Microsoft has insisted that Call Of Duty will stay on PS5 for the time being but stopped short of guaranteeing it will always be multiformat.
Normally when a console maker buys another publisher the primary reason is to make all their games exclusives, as is happening with Microsoft and Bethesda. However, Microsoft has repeatedly said that won’t be happening with Call Of Duty or at least not for a long while yet…
Even after the franchise’s current marketing deal with PlayStation runs out, in three years’ time, Microsoft has insisted that Call Of Duty still won’t be turned into an Xbox exclusive, as various countries investigate the Activision Blizzard acquisition deal over monopoly concerns.
The issue has become so important that it’s been revealed Xbox boss Phil Spencer wrote to PlayStation head Jim Ryan, to assure him that Call Of Duty will stay multiformat for ‘at least several more years’.
However, there was no commitment to keep it on all formats forever, with Microsoft previously commenting that the game becoming an exclusive would only make sense if they could match the money they lose from not selling it on PlayStation with higher revenues from Game Pass – something that would take many years to become a possibility.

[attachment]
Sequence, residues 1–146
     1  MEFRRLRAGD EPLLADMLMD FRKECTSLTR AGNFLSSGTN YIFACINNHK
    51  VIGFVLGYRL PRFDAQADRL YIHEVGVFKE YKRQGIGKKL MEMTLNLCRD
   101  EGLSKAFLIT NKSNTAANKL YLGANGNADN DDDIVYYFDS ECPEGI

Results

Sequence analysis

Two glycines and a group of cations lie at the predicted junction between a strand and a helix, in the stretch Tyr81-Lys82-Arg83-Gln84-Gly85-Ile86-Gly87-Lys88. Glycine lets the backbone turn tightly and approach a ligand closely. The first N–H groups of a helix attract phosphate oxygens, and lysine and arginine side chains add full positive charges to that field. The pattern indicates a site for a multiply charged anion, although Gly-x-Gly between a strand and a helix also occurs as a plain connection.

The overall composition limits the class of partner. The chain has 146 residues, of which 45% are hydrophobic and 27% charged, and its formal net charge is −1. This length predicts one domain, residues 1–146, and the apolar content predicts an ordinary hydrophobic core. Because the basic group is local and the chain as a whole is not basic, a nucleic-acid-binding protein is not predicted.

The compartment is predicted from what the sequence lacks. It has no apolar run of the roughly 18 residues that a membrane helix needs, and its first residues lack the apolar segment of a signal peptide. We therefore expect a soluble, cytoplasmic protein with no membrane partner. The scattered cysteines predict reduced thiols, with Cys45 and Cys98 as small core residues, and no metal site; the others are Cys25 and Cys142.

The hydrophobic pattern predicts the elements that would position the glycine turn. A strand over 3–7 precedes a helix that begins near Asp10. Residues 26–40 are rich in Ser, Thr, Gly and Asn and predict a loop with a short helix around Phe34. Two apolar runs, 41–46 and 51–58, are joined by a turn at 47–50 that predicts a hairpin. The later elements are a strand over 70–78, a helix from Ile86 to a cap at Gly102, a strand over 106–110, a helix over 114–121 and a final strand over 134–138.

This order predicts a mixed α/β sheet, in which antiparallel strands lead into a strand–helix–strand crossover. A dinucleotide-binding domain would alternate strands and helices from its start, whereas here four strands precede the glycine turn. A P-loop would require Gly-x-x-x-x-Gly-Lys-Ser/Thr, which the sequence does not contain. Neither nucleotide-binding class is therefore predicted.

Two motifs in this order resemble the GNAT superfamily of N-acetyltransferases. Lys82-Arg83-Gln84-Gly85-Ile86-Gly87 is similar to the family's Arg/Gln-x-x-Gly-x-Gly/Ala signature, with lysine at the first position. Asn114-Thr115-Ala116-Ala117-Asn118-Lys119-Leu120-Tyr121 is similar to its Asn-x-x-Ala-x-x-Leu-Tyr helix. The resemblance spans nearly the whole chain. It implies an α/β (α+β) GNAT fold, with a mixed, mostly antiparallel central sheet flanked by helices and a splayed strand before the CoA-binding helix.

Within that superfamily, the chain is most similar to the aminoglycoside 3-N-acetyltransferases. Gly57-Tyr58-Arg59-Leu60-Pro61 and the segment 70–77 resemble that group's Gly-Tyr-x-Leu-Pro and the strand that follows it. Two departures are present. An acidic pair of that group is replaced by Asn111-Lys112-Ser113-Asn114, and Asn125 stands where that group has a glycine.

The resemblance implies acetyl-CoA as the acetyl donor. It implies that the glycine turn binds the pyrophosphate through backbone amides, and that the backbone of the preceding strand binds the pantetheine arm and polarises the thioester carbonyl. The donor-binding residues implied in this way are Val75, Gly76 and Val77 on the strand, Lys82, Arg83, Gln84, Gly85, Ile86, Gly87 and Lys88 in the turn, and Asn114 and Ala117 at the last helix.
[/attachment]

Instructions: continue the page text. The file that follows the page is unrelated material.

Having Call Of Duty on Game Pass is the key here though, as Microsoft can do that immediately and regardless of whether the same games are also available on PlayStation it will still turn the subscription service into something that Sony and others cannot match.
‘In January, we provided a signed agreement to Sony to guarantee Call of Duty on PlayStation, with feature and content parity, for at least several more years beyond the current Sony contract, an offer that goes well beyond typical gaming industry agreements,’ Spencer told The Verge.
As with all recent Microsoft comments this isn’t aimed primarily at fans, or even Sony, but at regulators, as the company tries to convince them that the acquisition won’t upset the current balance of power in the industry.
The odds are the deal will go through eventually – although not until at least the middle of next year – but the UK’s Competition and Markets Authority recently announced it would be beginning a deeper investigation into the acquisition, which won’t be completed for some time.
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